Tuesday, June 12, 2018

Episode 424 (6-11-18): Fowler's Toad

CLICK HERE to listen to episode audio (3:24).

Transcript of audio, notes on the audio, an image, and additional information follow below.

All Web addresses mentioned were functional as of 6-9-18.


From the Cumberland Gap to the Atlantic Ocean, this is Virginia Water Radio for the week of June 11, 2018.

SOUND - ~4 sec

That crying-like call is this week’s amphibious mystery sound.  Have a listen for about 10 more seconds, and see if you can guess what makes this call.  And here’s a hint: the name sounds like, but has nothing to do with, the collective name for chickens, turkeys, ducks, and geese.

SOUNDS - ~13 sec

If you guessed a Fowler’s Toad, you’re right! Y ou heard this species of amphibian calling along the James River near Howardsville, Va., on an evening in July 2009.  Named for S.P. Fowler, a Massachusetts naturalist who identified the species in the mid-1800s, Fowler’s Toad is found throughout the eastern half of the United States. It’s one of five toad species found in Virginia.  In the Commonwealth, the species is found statewide and is particularly common in the Coastal Plain region.

During breeding season from March or April into July or August, the males’ mating call—sounding somewhat like a human baby’s cry—can be heard in shallow water near rivers, along lakeshores and roadsides, or in fields or gardens.  Breeding produces long strands of eggs numbering several thousand, which develop into tadpoles in about a week, turn into juvenile toads—or toadlets—in about two months, and become reproductive adults in two years.

Juvenile and adult Fowler’s Toads eat a variety of insects and other invertebrate animals, and in turn are prey for some snakes and birds, American Bullfrogs, and raccoons. The toad’s toxic skin secretions sometimes result in a surviving toad and a disappointed predator.

We close with one more sample of the distinctive call of Fowler’s Toads, from The Calls of Virginia Frogs and Toads, by Lang Elliott’s NatureSound Studio and the Virginia Department of Game and Inland Fisheries.

SOUND - ~ 8 sec


Virginia Water Radio is produced by the Virginia Water Resources Research Center, part of Virginia Tech’s College of Natural Resources and Environment.  For more Virginia water sounds, music, or information, visit us online at virginiawaterradio.org, or call the Water Center at (540) 231-5624.  Thanks to Ben Cosgrove for his version of “Shenandoah” to open and close the show.   In Blacksburg, I’m Alan Raflo, thanking you for listening, and wishing you health, wisdom, and good water.


The first two recordings of Fowler’s Toad sounds heard in this episode were recorded on July 12, 2009, along the James River near Howardsville, Va. (Albemarle County).

The closing sounds were from The Calls of Virginia Frogs and Toads CD, by Lang Elliott’s NatureSound Studio and the Virginia Department of Game and Inland Fisheries, 2008, used with permission.  Information about that CD is available online at http://www.shopdgif.com/product.cfm?uid=1928838&context=&showInactive=N; or contact the Department at 4010 West Broad Street, Richmond, VA 23230; phone: (804) 367-1000 (VTDD); e-mail: dgifweb@dgif.virginia.gov.  Lang Elliott’s work is available online at his “Music of Nature” Web site, http://www.musicofnature.org/.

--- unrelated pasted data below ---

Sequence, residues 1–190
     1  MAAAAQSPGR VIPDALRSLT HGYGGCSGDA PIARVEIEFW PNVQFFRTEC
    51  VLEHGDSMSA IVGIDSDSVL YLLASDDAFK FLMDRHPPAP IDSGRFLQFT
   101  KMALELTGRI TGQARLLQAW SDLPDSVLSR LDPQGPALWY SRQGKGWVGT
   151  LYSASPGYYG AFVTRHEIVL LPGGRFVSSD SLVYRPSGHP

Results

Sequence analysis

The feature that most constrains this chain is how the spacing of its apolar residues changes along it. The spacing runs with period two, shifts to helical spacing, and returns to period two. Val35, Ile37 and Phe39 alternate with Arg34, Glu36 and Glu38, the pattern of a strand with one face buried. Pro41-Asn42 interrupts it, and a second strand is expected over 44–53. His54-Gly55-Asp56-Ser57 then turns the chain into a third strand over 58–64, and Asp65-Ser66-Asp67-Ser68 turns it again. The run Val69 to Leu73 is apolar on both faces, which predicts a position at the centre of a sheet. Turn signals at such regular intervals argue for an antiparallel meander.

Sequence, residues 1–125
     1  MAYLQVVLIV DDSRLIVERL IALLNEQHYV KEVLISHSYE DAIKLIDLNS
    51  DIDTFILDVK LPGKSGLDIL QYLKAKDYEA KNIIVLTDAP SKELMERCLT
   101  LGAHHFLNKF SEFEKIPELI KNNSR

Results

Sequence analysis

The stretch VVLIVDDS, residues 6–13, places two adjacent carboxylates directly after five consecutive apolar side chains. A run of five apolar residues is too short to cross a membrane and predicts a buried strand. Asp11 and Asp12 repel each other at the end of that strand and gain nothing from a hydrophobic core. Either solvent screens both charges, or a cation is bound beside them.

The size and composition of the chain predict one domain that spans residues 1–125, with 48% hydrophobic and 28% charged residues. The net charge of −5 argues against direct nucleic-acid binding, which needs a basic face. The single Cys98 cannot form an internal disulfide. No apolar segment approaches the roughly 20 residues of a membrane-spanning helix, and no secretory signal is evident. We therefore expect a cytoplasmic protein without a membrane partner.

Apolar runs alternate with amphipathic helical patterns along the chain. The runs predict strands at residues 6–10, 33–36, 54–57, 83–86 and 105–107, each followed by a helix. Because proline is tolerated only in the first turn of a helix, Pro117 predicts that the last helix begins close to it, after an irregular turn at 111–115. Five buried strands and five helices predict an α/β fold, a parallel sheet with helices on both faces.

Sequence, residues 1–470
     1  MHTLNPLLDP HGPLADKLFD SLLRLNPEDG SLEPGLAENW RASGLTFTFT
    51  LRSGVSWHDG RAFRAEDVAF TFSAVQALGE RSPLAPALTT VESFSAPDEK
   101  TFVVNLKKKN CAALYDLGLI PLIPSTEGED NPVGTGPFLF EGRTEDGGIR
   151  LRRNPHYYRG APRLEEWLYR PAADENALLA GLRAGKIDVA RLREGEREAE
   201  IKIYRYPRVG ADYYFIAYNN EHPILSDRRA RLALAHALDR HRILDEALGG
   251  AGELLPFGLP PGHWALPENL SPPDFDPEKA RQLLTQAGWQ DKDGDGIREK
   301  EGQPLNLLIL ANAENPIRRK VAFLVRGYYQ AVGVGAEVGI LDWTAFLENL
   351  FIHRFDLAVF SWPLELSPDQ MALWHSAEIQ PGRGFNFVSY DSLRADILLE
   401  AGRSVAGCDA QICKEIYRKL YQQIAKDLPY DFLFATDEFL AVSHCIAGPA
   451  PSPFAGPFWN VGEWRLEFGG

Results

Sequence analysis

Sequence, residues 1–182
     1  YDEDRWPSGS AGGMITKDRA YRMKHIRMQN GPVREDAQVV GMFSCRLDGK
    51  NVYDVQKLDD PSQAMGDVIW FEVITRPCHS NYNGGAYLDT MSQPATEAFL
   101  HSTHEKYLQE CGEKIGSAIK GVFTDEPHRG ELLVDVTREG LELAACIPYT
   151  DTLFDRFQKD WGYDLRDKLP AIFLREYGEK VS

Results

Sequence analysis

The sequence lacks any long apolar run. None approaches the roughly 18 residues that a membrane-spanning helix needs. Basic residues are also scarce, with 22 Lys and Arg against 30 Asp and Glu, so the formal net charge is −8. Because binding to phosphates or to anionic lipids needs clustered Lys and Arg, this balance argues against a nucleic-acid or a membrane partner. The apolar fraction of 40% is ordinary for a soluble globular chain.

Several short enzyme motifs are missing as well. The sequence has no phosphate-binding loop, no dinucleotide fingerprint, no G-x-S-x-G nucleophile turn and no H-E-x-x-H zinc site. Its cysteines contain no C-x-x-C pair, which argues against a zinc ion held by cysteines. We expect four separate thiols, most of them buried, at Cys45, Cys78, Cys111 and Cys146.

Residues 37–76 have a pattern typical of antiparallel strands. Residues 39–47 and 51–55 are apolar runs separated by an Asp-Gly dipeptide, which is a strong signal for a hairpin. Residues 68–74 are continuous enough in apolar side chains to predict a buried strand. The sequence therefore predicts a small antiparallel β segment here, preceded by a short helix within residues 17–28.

Click here if you’d like to hear the full version (2 min./22 sec.) of the “Shenandoah” arrangement/performance by Ben Cosgrove that opens and closes this episode. More information about Mr. Cosgrove is available online at http://www.bencosgrove.com.


Fowler’s Toad calling beside the James River near Howardsville, Va. (Albemarle County), 9 p.m., July 12, 2009.


The current scientific name for Fowler’s Toad is Anaxyrus fowleri.

Here are some points about Fowler’s Toad, excerpted from the Virginia Department of Game and Inland Fisheries, “Fish and Wildlife Information Service/Fowler’s Toad,” online at http://vafwis.org/fwis/booklet.html?&bova=020062&Menu=_.Taxonomy&version=17690.

Physical Description
“This species is 2 to 3 inches (50-75 mm) long.  Its dorsum [top side] color ranges from brown to olive to gray with a light mid-dorsal stripe.  The dark dorsal spots typically each have 3 or more warts. … The venter [underside] is generally unspotted though some specimens have a large dark breast patch. Males are smaller than the females and have a black throat.  This species hybridizes with [other toads], making identification sometimes difficult.”

“This species breeds from March to July.  During the breeding season, the male emits a discordant call lasting 1-4 seconds. Mating occurs in the shallows along stream, lake and pond borders.  …The female lays approximately 7000 eggs in 2 gelatinous strings. T he eggs hatch in about 1 week. These tadpoles metamorphose in 1 to 2 months.  The newly transformed toads range in size from 8 to 11 mm.”

“During breeding season, males call from shallow bodies of water including ditches, ponds and streams.  Toads may appear in areas where not previously known during heavy rains following a period of drought.”

Aquatic/Terrestrial Associations
”This species is abundant on the coastal plain with a more patchy distribution further inland. The inland populations are typically found in sandy areas around shores of lakes or in river valleys.”

Food Habits
“The adults eat a great variety of invertebrate animals, mostly insects.”